Beaujolais is calling
The region is located in east central France, south of Burgundian region Maconnais and North of the Rhone Valley. The grapes enjoy a temperate and semi continental climate. In the Northern part of the region where the crus are located the landscape is made up of gentle, rolling hills with granite and schist soils and some limestone. Often the wine label will not state “Beaujolais” when coming from the communes classified as “Crus” this can be quite confusing for new-comers. Keep an eye out for the following – St Amour, Julienas, Chenas, Moulin-a-Vent, Fleurie, Chiroubles, Morgon, Regnie, Brouilly and Cote de Brouilly.
The Southern part of the region is flat, the vines are planted on rich soils with clay often appearing. Wines produced here often fall under the regional appellation of “Beaujolais AC” and are often light, early drinking styles.
The grape responsible for Beaujolais, one of my favourite wines is Gamay. Naturally the wines tend to be light in tannin and colour with high acidity. Typically consumed youthful and chilled. There is a more serious side of this grape and wines coming from Morgon and Moulin a Vent can taste quite similar to Pinot with age.
Most know Beaujolais for its Nouveau style of wine which is often reminiscent of bananas and bubblegum. A thin light wine rushed through the winery to be released around the world on the 3rd Thursday of November. The commercialisation of Beaujolais began with the Nouveau trend in the 70s and 80s.
In its peak nearly half of all Beaujolais AC was sold this way. The region was pumping out a ridiculous amount and as a result quality quickly dropped.
Today it’s a worn out fad wine that only remains a wine of interest in a few cities across France. Many consumers aware of the Nouveau tend not to take this region too seriously or aren’t aware of the gems it offers. Beaujolais is a great region to look out for, offering excellent value for money, especially the cru wines.
There are a few people responsible for this shift, most notably Jules Chauvet who is often named the godfather of the natural wine movement (pictured below). He was a winemaker, gift taster and research chemist who focused on yeast, carbonic maceration and Malo Lactic fermentation . He studied nature in order to know what was needed to work with it rather than against it. He spoke out against the use of chemicals in the vineyard during a time when almost everyone was spraying or use additives in wine. Perhaps a traditionalist at heart who wanted to return to the old practises of viticulture and vinification. Old vines, no chemical sprays, harvesting late to obtain the ripest fruit, sorting grapes to only use the healthiest and minimal doses of sulphur dioxide and putting an end to chapitalisaiton is what he insisted on. He forever changed the path of the winemaker Marcel Lapiere who would go on to further inspire others.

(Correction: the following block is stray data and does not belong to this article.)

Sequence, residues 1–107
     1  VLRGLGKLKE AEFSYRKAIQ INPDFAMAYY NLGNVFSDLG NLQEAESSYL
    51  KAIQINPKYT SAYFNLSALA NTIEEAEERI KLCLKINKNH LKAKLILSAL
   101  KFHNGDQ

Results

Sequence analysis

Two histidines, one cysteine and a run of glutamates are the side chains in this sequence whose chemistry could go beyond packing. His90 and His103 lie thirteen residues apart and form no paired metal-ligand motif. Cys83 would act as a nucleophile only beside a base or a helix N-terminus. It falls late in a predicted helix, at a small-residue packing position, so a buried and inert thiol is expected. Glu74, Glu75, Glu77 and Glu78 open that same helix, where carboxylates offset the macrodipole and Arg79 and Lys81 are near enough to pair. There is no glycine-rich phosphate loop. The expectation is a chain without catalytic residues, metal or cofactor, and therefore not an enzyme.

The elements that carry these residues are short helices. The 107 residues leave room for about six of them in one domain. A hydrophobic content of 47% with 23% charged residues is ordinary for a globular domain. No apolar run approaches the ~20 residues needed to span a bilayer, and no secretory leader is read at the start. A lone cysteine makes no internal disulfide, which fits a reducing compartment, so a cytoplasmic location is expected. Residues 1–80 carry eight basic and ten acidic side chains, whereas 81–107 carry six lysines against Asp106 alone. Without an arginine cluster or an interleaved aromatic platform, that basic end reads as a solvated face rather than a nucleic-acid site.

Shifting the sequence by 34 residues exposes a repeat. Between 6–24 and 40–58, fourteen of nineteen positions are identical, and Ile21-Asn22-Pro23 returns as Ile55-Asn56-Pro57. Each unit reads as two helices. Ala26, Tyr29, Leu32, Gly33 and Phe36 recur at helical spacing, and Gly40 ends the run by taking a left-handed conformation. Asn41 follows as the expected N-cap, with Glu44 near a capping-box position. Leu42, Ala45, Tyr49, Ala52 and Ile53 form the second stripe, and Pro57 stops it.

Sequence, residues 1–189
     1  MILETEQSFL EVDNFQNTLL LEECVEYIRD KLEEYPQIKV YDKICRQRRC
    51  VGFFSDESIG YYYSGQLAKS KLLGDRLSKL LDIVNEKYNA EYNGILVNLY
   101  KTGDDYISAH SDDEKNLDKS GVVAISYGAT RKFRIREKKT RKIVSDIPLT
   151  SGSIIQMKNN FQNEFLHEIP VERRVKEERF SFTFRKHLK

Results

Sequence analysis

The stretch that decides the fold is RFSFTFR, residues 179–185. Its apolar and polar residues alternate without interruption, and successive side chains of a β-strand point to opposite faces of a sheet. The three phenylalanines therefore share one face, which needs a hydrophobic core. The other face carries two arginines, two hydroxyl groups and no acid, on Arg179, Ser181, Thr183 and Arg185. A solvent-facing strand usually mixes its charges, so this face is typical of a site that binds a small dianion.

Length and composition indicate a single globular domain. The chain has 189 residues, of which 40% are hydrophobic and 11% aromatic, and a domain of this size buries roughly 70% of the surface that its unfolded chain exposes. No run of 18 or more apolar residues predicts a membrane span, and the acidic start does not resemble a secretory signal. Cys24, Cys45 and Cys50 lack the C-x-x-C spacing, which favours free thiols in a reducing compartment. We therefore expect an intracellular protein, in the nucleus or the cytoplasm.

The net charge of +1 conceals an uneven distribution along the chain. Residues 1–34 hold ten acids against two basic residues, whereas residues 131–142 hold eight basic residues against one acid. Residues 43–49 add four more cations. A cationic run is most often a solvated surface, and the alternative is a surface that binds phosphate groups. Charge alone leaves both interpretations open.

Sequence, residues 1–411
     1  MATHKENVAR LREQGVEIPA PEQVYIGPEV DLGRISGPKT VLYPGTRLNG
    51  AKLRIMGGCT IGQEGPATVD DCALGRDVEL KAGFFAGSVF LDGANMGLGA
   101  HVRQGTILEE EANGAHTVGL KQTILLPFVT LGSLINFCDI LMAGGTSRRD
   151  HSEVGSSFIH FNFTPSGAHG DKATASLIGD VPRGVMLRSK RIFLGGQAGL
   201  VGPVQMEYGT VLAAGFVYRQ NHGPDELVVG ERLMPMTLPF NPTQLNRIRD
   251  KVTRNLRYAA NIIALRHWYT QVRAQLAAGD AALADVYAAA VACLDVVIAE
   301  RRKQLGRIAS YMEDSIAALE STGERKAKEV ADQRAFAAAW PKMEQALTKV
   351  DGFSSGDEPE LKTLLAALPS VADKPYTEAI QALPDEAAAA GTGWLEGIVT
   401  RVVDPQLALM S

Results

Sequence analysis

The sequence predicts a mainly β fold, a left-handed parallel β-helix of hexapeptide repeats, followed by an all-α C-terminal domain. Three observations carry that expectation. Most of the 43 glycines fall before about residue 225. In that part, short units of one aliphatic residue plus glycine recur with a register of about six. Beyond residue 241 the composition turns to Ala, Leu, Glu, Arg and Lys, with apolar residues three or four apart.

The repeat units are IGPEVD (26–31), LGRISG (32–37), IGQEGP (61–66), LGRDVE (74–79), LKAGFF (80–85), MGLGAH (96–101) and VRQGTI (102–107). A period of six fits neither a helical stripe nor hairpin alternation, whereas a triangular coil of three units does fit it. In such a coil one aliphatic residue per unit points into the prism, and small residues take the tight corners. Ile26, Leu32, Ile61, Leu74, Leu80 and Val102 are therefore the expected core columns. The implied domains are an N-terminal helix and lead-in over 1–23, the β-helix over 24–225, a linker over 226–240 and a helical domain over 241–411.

If Chauvet is dubbed the god father of the natural wine movement, Lapiere is the father. At the time he was considered a rebel along with other local vignerons Guy Breton, Jean Foillard and Jean Paul Thevent. The group was dubbed the “gang of four” by American wine importer Kermit Lynch. In the 1980’s they were going against the norm and changing their vineyards and wine making techniques to what they were before the synthetic chemical revolution took place.
Georges Descombes is the unofficial 5th member of the gang. In addition to working with his vigneron father he also worked at a local bottling company. He had the opportunity to taste many wines as he travelled from cellar to cellar though it was the wines of Marcel Lapiere that struck a chord with young Georges who would go on to attempt to create wines with the same elegance and purity.
In the late eighties Descombes took over his family estate and began to push the already old-school approach of the estate even further by practising organic viticulture and stopped the use of any additives. To combat vine pests and diseases he will use sulphur, copper and algae-based powders. His vineyards are located in 4 cru communes, Brouilly, Chiroubles, Morgon and Regnie as well as 2HA of Beaujolais Villages.
The grapes are harvested by hand from old vines and stored in a temperature controlled container. He allows the grapes to cool before beginning fermentation as the wild yeasts are very fragile, high temperatures can endanger them at a crucial time of their life. Fermentation takes place in cement vats where a traditional semi-carbonic maceration occurs for around 30 days. Each Cru vineyard will produce an old vine “Vieilles Vignes” Cuvees, they are vinified separately and aged in barrel of six months. His wines are vibrant, fresh, become aromatic with some air time and possess the structural skeleton allowing them to age.